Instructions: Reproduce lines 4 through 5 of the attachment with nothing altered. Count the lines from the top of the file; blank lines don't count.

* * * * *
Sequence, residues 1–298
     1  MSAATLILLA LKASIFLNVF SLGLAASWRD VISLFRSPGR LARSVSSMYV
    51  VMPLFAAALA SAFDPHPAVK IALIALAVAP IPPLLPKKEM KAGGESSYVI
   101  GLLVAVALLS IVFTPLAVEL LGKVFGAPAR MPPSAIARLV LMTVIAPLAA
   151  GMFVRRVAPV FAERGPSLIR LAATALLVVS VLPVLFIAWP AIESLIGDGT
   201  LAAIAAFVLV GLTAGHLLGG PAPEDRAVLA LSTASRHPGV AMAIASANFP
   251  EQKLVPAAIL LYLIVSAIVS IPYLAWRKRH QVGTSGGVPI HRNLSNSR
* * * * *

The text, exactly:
   101  GLLVAVALLS IVFTPLAVEL LGKVFGAPAR MPPSAIARLV LMTVIAPLAA
   151  GMFVRRVAPV FAERGPSLIR LAATALLVVS VLPVLFIAWP AIESLIGDGT